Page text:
Do you think your store has had an impact on the local neighborhood or its identity, maybe even the building space you're in or just the public life around here?

I don't know, I mean, it's a small space, it's kind of tucked away, but it's also been here now for about eight years, so it's had its time to kind of shape the identity of this area in a way. This area's been active in all different formats, like nightclubs, hip hop clubs, art shows, punk shows, it seems like it's naturally always has given opportunities to people to sprout up whatever they want to do, so I'm just another part or another flavor of that history. What I do here is unique and not what everyone else does. So I'm just one of the pieces of the puzzle, adding to it but not anything that's insanely different from anything anyone else has done in the history.

So what, if any, are your plans for the future? For the store, do you have any changes in mind?

It's been difficult lately, the space is pretty small and we keep having a lot of trouble finding additional spaces to do projects in. So I'm starting to spread out a little bit more to other parts, maybe downtown. I feel the gravitational pull shifting elsewhere only because I've had a really hard time securing any other spaces to use here. That's one thing that sort of changes it. I've been committed to Chinatown for many years, but at a certain point I realize that it's too hard, you're swimming upstream constantly, trying to make something work here when there's no place to do it. So yeah, I'm looking beyond Chinatown for the first time in that many years, to expand.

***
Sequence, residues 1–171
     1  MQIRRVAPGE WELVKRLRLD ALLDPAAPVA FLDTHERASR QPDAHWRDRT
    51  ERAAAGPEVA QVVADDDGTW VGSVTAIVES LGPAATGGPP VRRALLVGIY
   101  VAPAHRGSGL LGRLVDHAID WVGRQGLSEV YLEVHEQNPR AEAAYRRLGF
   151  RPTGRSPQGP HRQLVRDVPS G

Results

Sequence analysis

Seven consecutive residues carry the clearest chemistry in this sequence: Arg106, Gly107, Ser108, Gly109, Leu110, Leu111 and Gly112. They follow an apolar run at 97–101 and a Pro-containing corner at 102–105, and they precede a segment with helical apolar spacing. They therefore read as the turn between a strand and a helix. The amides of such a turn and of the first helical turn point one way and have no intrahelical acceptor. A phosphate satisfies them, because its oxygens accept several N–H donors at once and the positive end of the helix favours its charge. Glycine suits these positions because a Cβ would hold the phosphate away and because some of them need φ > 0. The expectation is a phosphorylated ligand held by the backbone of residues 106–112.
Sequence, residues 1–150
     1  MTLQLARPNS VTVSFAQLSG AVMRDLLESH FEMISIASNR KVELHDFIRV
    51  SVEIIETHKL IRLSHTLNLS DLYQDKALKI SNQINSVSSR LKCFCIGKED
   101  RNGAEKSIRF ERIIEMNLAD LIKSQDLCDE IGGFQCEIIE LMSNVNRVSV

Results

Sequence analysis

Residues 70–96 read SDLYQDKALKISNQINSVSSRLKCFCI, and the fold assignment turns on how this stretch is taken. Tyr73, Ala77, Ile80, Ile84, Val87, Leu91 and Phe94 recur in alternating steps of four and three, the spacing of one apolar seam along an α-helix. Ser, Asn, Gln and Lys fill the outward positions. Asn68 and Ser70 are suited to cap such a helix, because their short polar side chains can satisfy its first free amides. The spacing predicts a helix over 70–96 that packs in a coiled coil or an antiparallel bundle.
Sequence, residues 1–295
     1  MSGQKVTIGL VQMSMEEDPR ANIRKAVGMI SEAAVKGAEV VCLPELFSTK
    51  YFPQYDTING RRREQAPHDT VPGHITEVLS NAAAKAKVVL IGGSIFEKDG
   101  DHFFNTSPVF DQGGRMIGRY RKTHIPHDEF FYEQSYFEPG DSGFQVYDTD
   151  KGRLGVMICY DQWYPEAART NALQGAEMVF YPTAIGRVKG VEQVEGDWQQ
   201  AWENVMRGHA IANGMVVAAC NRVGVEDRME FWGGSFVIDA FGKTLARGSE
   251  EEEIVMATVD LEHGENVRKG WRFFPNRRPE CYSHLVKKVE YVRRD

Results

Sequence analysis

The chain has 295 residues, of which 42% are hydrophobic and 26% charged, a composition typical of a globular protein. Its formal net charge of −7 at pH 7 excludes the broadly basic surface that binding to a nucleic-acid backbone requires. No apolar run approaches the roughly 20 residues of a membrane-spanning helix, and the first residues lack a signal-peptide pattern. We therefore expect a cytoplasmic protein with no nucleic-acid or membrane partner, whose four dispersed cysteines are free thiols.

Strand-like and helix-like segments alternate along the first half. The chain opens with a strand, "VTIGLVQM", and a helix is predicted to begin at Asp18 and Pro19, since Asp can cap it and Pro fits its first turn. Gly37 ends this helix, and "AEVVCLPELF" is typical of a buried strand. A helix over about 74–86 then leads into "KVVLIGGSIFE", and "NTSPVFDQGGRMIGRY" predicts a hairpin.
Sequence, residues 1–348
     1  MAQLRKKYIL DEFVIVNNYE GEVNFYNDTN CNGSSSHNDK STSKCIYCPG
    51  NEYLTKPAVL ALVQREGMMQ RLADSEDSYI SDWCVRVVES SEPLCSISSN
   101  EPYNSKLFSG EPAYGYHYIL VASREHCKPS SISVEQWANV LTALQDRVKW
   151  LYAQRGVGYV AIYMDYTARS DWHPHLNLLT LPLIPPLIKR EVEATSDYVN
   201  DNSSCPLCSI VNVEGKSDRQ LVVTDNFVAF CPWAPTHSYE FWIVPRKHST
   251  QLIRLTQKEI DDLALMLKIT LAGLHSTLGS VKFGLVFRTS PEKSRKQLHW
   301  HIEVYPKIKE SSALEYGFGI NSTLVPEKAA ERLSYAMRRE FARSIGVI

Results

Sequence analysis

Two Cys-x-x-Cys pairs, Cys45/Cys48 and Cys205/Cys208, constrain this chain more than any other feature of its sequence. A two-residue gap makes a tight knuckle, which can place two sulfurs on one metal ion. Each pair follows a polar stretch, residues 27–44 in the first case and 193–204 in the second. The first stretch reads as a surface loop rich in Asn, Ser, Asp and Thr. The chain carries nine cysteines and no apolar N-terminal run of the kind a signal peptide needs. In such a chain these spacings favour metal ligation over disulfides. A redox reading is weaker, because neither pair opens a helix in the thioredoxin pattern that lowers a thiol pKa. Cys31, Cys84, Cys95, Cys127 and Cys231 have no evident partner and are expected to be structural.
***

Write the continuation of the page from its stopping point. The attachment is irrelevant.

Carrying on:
Do you think that will have an impact on your business, not only expanding but different kinds of people that might make it to your place, or see it? Especially if it's in a larger area?

I didn't even think about that, but yes possibly. I just thought of it as the people that already have come will still be there, but who knows, maybe more people will come if it's more convenient. It's just harder and harder to do events in Chinatown. Sometimes the main options end up being the bars out here, and I still want to do as many things with all ages, so that's one of the obstacles too.

Okay, so I guess the aesthetic of Los Angeles is that there isn't really a centrality, and in a sense, even small spaces can even reflect the greater Los Angeles.

Yes. I think it's easy to do your own thing here, it's definitely given me the freedom to do my own thing, and that's what I like the most about it.